Estonia is about to grow a little taller as the country prepares to abandon the previously used Kronstadt tide gauge for measuring heights above the sea level and switch to the Amsterdam Ordnance Datum used in Western Europe.
The change goes into effect on New Year’s Day 2018, and as the difference between the Kronstadt tide gauge and the Amsterdam Ordnance Datum can be as big as 15-24 centimetres (six to 9.5 inches), official elevations across the country will also have to be changed.
In layman’s terms this means that the highest peak in Estonia, Suur Munamägi, will officially be 20 centimetres (7.9 inches) taller than now, measuring at 317.4 metres (1,041 feet) above sea level.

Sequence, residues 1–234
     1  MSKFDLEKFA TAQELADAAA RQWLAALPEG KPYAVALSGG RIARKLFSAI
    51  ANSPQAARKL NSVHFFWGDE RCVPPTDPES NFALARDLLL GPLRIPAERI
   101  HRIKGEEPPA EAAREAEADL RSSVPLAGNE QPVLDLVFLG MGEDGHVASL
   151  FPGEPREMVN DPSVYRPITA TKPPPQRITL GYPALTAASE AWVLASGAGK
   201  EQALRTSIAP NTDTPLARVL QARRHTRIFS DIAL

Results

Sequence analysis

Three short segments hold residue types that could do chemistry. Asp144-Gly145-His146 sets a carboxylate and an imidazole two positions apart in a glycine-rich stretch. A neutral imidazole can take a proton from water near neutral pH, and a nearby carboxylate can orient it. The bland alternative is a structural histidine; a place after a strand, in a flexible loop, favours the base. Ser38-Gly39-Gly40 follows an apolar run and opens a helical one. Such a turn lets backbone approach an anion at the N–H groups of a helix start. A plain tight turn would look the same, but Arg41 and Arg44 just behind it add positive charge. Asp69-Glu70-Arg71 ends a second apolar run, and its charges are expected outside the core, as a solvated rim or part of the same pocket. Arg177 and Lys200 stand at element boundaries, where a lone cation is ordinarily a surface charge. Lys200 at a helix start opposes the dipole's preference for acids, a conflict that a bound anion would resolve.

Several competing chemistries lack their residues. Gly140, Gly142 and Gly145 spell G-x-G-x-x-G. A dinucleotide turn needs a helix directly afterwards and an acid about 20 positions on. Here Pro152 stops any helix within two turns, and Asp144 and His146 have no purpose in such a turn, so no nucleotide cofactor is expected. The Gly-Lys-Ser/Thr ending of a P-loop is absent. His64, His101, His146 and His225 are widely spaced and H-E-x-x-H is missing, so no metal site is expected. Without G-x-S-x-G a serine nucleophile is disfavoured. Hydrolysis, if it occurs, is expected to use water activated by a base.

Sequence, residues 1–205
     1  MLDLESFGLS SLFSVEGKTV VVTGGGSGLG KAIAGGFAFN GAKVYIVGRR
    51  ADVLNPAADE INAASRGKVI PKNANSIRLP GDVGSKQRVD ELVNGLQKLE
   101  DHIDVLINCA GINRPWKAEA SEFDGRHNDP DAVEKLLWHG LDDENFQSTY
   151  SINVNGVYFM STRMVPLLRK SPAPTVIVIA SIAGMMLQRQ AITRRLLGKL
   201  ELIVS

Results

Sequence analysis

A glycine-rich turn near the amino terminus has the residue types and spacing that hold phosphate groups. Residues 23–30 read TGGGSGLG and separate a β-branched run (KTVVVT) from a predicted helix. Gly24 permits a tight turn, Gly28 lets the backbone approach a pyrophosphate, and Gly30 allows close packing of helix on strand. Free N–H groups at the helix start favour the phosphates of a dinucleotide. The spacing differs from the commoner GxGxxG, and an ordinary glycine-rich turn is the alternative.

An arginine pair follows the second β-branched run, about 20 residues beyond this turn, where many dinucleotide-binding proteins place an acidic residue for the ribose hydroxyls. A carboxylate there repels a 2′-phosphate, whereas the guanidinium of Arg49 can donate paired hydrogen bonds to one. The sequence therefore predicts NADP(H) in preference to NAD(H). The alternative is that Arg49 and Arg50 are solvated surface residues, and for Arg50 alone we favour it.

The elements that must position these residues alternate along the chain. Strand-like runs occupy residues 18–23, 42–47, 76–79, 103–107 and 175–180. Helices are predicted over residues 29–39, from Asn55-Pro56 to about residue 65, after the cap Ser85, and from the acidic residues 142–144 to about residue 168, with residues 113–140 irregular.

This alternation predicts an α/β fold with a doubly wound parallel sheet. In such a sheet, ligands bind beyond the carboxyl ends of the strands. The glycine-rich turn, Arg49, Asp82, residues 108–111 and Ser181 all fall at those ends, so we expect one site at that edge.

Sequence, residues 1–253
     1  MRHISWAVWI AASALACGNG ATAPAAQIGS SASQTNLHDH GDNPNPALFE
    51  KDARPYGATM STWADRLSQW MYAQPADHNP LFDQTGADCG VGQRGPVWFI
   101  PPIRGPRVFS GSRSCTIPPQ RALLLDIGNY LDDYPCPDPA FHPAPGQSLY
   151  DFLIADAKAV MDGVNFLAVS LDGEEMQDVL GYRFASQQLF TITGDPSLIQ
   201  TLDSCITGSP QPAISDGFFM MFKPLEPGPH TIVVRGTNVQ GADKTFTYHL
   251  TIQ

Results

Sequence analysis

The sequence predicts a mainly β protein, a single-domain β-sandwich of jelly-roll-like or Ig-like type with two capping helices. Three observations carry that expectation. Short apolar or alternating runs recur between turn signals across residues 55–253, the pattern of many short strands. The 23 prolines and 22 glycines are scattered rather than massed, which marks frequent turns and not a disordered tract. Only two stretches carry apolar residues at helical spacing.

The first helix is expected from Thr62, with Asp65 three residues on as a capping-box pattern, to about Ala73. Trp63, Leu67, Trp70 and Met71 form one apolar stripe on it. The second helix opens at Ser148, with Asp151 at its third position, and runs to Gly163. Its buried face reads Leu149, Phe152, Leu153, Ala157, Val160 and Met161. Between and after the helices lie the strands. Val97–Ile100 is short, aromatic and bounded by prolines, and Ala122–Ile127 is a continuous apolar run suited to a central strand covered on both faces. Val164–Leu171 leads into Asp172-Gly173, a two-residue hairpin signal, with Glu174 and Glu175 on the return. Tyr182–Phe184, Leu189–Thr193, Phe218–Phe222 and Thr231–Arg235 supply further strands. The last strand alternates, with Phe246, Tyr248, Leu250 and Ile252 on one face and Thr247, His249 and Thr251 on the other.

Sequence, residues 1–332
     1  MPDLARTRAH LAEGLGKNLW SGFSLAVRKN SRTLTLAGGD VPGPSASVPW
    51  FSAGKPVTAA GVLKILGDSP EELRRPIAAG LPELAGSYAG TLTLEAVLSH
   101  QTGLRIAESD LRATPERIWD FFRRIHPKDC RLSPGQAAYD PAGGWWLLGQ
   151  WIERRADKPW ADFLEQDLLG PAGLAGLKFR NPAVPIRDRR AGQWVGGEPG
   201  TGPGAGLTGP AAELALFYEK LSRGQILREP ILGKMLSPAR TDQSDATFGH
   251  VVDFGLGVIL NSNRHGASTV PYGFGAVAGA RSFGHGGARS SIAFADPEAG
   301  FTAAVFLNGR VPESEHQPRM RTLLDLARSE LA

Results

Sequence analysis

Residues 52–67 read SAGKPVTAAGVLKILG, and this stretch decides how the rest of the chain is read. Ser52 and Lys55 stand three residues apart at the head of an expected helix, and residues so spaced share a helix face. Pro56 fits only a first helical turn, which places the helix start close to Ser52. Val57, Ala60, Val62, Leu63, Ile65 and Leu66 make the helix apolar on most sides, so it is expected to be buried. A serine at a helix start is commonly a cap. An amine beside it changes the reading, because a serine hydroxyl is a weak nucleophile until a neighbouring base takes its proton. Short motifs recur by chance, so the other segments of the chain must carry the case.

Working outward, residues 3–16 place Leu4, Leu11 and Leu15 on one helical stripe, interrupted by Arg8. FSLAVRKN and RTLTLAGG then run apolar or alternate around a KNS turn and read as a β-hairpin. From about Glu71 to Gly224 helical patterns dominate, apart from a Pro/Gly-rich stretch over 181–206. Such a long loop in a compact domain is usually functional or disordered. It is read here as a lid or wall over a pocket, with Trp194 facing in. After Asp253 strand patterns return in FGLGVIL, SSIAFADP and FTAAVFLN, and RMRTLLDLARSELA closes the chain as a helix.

The Kronstadt tide gauge, based in St Petersburg, is used in Russia and most other countries that were either occupied by the Soviet Union or came under its sphere of influence during or after the Second World War.
The Amsterdam Ordnance Datum is used across Western Europe. It was originally created for use in the Netherlands, but in 1955, also other European countries started to use it to define the sea level.
The change will also coincide with the 100th anniversary of Estonia’s declaration of independence.
Cover: Illustration of the watchtower on Suur Munamägi (the image is illustrative.)